India's Relationship with NetherlandsRecently, Prime Minister Narendra Modi met his Dutch counterpart, Mark Rutte, to enhance ties of cooperation in key areas between the two countries. Apart from looking at boosting infrastructure, ship yards and ‘Make in India’ projects, the two parties also inked deals in the healthcare field. In particular, manufacture of measles and rubella vaccines is to be undertaken in India.

In addition, partnerships between Fortis Healthcare and VitalHealth Software; the Indian healthcare industry body, NATHEALTH and the Dutch life and health sciences agency, Task Force Health Care (TFHC) were finalised. While Fortis is aiming to get the International Consortium for Health Outcomes Measurement (ICHOM) certificate out of its partnership deal, NATHEALTH is seeking to promote cooperation and exchange of information, knowledge and expertise with TFHC.

TFHC Highlights Prevailing Medical Care Conditions in India

The TFHC, in a June 2014 document titled Healthcare Market in India, has highlighted the prevailing medical care conditions in India. The salient observations are:

1. Growing population with simultaneous increase in life expectancy; in particular maternity, child care and geriatric health needs are expected to shoot up
2. Increasing prevalence of lifestyle and non-communicable disorders such as cardiac conditions, diabetes and cancers
3. Growing middle class, with rising incomes, and increasing insurance coverage
4. Higher demand for preventive and diagnostic health services
5. High influx of foreign tourists to the tune of about nine lakh, who come seeking cardiac care, joint replacements and organ transplants
6. Augmented government initiatives with entry into tier 2 and 3 cities, and evolving healthcare delivery models

TFHC further notes that India has increased the health expenditure to 2.5% of the GDP, and that the private sector is responsible for nearly 80% of new bed capacity. With this in mind, TFHC seeks to foray into areas such as healthcare delivery, pharma and biotech, medical technology and medical insurance. An optimistic picture is put forth, as TFHC states that with right pricing, long-term focus, organisational flexibility, and private sector dominance, India might be the ideal healthcare market for Dutch companies to do business in.

While it is encouraging to note the importance given to tier 2 and 3 cities as far as developing health infrastructure and manpower is concerned, this may just be a reflection of the fact that the next economic upsurge is expected to occur in these cities. It is the tier 4 to 6 cities/towns/villages that we are actually concerned about, since healthcare facilities remain woefully inadequate in these places.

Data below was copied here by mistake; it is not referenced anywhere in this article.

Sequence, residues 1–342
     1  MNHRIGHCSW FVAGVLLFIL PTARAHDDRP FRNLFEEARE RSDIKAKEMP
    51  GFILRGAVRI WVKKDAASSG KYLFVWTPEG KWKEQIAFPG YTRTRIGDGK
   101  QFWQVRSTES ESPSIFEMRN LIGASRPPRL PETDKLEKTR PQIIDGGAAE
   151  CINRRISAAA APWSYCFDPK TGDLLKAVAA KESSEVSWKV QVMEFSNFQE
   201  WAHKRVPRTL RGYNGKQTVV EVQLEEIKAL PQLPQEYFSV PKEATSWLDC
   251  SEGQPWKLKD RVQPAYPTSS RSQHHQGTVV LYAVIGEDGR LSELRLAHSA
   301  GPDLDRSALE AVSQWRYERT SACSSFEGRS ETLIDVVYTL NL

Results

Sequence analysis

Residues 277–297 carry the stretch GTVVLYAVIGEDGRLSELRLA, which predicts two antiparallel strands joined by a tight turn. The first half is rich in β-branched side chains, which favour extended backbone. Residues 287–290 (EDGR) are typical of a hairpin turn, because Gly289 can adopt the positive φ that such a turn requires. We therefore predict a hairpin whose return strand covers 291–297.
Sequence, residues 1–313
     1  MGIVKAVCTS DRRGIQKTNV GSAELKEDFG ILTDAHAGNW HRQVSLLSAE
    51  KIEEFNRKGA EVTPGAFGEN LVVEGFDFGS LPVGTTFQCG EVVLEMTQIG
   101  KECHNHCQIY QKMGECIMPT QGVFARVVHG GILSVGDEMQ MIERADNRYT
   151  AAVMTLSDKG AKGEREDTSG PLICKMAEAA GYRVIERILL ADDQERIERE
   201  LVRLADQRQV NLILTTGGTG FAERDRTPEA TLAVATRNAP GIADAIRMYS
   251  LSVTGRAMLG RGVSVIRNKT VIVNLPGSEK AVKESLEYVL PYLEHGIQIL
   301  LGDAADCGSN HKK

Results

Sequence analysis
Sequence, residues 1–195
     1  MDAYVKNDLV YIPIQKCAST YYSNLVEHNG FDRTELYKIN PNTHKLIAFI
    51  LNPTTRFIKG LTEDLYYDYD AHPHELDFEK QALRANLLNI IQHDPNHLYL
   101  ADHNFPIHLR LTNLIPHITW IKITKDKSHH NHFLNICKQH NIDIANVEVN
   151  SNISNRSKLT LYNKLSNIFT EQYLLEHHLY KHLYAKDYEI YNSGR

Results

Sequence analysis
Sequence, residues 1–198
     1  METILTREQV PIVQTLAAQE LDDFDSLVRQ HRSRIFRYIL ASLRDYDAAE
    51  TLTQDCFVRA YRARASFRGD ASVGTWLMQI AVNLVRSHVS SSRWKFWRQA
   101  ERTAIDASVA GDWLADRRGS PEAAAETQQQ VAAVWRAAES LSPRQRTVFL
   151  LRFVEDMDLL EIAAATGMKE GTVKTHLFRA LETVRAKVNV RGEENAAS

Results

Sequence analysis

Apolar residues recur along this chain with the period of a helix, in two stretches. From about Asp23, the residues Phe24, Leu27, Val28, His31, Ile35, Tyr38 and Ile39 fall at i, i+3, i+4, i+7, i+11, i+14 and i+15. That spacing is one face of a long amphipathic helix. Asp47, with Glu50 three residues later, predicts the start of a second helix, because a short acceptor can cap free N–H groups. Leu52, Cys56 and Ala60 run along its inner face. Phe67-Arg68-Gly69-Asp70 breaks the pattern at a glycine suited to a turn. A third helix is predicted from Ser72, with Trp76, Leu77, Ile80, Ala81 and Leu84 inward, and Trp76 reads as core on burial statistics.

It is also worthwhile considering the reach of these programmes if and when implemented. Any health care initiative should be able to meaningfully involve the bulk of the health service users, namely the poor and those from rural and underdeveloped areas. Rural health infrastructure is in a bad shape and needs urgent revamping and scaling up to meet the standards maintained by corporate hospitals. Rural health manpower is another deficient area, and health care staff members such as doctors, nurses, and para-clinical staff should be encouraged, or incentivised to stay in these deficient areas, and improve local health services. Primary care centres and government hospitals all across the country are in dire need of upliftment.

All these are noted by the Dutch in their other document, Exploiting Opportunities in Indian Medical Market, which emerged from an interactive workshop conducted in April 2013. Also, India is not the sole market for the Dutch government to be doing business in; it aims to start similar partnerships with China, Vietnam, Colombia and South Africa. The Dutch companies planning to invest are also issued directives to ensure two things: the projects should have adequate profitability and continuity perspective.

It remains to be seen whether partnerships such as these, and the others that the Modi government may venture into in the future, would help bridge the gap between increasing healthcare demands and quality medical care for all. For now though, it appears to be a step in the right direction.